Michael Bloomberg, philanthropist and former mayor of New York City. Zoleka Mandela, Global Ambassador for the United Nations’ Child Health Initiative and Nelson Mandela’s daughter. Kelli England, PhD, Professor of Pediatrics at EVMS and Interim Director of EVMS Pediatrics’ Community Health and Research division.
What do they have in common? They’re three of 42 leaders from around the world honored by the United Nations this year for their work in road safety.
“I never imagined I would be part of this group of high-level global leaders,” Dr. England says. “It shows that the work we’ve been doing at EVMS is really making a difference.”
The work making the biggest difference is “Boost ’em in the Back Seat,” a campaign led by Dr. England and launched in late 2017. To date, the web-based campaign to promote the proper use of booster seats has earned more than 23 million views in 154 countries. It has been honored with eight awards, including the 2018 Governor’s Transportation Safety Award for Occupant Protection in Virginia.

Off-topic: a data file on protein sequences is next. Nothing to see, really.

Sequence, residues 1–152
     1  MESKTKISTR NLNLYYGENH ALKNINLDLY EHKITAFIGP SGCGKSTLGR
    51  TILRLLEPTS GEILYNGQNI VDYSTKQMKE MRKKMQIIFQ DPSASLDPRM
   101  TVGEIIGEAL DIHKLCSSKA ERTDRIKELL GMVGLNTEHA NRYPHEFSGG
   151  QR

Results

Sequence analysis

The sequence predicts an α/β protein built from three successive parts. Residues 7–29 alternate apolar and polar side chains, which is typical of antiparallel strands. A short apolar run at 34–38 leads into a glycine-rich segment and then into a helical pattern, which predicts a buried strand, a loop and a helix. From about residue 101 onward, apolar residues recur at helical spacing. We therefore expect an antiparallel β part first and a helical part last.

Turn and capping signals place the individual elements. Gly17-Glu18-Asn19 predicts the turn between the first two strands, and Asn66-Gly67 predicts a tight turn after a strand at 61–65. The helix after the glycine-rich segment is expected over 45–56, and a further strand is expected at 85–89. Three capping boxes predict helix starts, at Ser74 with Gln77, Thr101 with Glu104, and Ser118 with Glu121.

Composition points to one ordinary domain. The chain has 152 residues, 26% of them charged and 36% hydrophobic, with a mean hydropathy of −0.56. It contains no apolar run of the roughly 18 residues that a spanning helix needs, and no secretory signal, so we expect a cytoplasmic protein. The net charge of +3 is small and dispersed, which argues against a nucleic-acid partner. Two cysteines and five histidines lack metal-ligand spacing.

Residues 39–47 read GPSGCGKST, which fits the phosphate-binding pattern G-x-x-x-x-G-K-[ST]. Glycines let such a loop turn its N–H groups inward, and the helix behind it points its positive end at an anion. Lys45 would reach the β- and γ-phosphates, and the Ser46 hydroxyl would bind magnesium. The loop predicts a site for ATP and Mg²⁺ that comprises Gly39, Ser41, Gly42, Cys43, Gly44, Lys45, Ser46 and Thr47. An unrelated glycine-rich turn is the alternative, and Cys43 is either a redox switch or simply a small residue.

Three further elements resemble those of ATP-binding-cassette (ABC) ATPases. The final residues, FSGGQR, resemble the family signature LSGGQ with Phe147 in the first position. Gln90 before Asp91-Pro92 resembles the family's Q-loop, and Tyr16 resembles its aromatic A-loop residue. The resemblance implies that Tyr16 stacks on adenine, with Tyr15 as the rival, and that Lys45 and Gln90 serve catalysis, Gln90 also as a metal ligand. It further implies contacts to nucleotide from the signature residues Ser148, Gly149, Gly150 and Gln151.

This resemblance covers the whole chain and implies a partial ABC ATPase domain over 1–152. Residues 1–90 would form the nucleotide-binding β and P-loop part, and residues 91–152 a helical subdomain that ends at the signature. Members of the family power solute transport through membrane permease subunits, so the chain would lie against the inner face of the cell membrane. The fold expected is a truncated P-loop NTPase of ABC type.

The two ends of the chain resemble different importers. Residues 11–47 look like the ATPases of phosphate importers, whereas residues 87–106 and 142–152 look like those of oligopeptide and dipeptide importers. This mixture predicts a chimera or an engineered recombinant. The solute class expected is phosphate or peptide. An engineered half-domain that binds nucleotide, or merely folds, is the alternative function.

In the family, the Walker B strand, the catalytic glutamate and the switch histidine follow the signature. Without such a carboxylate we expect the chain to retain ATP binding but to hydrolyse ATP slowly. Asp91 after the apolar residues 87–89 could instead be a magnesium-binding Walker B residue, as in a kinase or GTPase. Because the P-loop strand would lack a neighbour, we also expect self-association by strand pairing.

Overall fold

Dr. England was nominated as a global leader in road safety jointly by Bryan Porter, PhD, Associate Dean of The Graduate School and Professor of Psychology at Old Dominion University, whom Dr. England describes as a mentor and colleague; and Bilgé Yilmaz, MS, Dr. England’s mentee and a doctoral candidate at EVMS in the PhD program of the Virginia Consortium Program in Clinical Psychology.
“Dr. England has been a trusted and professional colleague for more than 20 years,” Dr. Porter says. “I have had the pleasure of seeing her work move from local to international impact, applying key principles of health behavior change models.”
Dr. England’s work, he explains, has helped researchers, government agencies and non-profits understand the best intervention techniques to improve child safety through correct infant-seat use and booster-seat use. “Her persuasive behavior-change programs are translational and digital, with complete ability to be shared worldwide and used in any community setting.”